So Curry really had nothing to lose. And when I watch him launch fadeaway 3s with 20 seconds on the shot clock after dribbling between four Los Angeles Clippers defenders as he infamously did last year, I see a guy who always plays as if he’s down 14 with little chance of winning. He plays like an underdog who’s sure he’s going to overcome insultingly low expectations. It usually works in his favor. Sometimes I wonder if, in the way basketball great Michael Jordan created slights or disrespect to find his motivation — as in ’95 when he let a Vancouver Grizzlies benchwarmer irritate him into scoring 19 points in six fourth-quarter minutes — Curry subconsciously creates scenarios in which he believes that people underestimate him, so he can rise above the disrespect of the underestimation.
It would explain how the Golden State Warriors went on two separate three-game winning streaks after being down 2-1 in twp separate 2014-15 playoff series. It would explain how he finished the 2015-16 season as the most improved MVP after people discredited the Warriors’ title run — Doc Rivers most notably calling them “lucky” they didn’t have to face the San Antonio Spurs or Clippers in their championship run. And it would explain the 67 points over two games after Russell Westbrook laughed off a reporter asking about Curry’s defense — a move everyone knew wouldn’t go unpunished — and their chances at coming back to win the series.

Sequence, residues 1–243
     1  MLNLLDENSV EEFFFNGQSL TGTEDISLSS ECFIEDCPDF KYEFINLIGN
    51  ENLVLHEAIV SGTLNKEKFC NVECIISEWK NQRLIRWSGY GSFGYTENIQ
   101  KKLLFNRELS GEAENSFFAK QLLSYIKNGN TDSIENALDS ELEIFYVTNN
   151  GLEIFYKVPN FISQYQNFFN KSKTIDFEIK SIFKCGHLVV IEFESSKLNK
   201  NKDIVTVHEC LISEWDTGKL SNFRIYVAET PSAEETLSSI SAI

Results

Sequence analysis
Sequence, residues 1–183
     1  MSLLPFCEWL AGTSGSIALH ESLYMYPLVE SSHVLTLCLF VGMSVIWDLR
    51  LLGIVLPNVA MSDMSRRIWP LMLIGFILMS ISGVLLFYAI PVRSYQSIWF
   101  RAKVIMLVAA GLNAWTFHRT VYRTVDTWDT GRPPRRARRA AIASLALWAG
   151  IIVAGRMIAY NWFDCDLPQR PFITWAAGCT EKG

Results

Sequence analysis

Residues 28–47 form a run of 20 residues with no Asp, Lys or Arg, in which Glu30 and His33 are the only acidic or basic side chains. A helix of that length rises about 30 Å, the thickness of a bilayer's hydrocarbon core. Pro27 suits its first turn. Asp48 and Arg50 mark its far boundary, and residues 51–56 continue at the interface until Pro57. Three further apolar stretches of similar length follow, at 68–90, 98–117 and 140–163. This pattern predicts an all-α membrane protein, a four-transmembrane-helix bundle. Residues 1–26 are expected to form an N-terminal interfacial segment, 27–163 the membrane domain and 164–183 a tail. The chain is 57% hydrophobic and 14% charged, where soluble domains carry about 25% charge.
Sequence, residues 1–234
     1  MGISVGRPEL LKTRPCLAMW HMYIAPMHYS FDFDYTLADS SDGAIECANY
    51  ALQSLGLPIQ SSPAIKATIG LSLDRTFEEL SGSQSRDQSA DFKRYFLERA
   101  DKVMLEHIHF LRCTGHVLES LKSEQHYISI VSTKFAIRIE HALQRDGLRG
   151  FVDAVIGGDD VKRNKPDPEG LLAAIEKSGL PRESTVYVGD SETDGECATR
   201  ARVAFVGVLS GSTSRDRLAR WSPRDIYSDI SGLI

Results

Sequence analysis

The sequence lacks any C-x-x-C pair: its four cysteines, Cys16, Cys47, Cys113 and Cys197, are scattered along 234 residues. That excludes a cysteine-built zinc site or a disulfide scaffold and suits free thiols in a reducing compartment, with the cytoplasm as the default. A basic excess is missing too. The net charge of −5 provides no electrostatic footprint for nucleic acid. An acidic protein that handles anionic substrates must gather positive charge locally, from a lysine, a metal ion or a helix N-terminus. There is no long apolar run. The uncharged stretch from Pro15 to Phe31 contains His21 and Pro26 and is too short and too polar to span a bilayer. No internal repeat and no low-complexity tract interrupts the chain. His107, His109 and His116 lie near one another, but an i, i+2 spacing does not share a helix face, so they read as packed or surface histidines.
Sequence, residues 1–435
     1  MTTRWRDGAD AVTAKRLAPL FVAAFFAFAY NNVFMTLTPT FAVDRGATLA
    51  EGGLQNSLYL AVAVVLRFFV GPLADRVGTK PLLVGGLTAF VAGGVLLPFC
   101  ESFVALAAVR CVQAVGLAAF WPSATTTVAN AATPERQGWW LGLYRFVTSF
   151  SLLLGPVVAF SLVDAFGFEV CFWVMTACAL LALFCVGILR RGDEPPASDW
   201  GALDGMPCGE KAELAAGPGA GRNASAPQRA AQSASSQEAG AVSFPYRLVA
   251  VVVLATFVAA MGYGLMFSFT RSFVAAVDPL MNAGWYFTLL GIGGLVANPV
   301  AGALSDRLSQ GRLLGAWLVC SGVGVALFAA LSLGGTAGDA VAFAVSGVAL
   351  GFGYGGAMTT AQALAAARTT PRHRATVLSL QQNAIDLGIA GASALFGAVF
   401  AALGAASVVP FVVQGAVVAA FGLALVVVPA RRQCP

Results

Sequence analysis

And this would also explain the Warriors’ ability to obliterate teams in fourth quarters after letting themselves trail for most of the game. Curry thrives on the underdog status and he enjoys proving people wrong. Don’t think it was an innocent coincidence that Curry laughed his way down the court after crossing Kevin Durant and laying the ball up over Westbrook’s outstretched fingertips in the waning seconds of the Western Conference finals’ seventh game. It’s one of those many reminders that the Babyfaced Assassin has bite behind his nonchalant demeanor.
Somewhere in New Orleans, there’s a middle-aged white lady with a really awkward picture of me and Curry.
This was 2010, and I was waiting for him in the Smoothie King Center’s player meeting area after a New Orleans Hornets vs. Warriors game. The area is a glorified storage facility filled with friends of players and people looking for an autograph from anyone going from the team locker room to the bus. I’d heard the woman and her teenage daughter whispering, and then she came up behind me with “Are you Stephen Curry’s brother?” I wanted to let her know that all tall, light-skinned guys don’t look alike, but I just told her I wasn’t and laughed it off.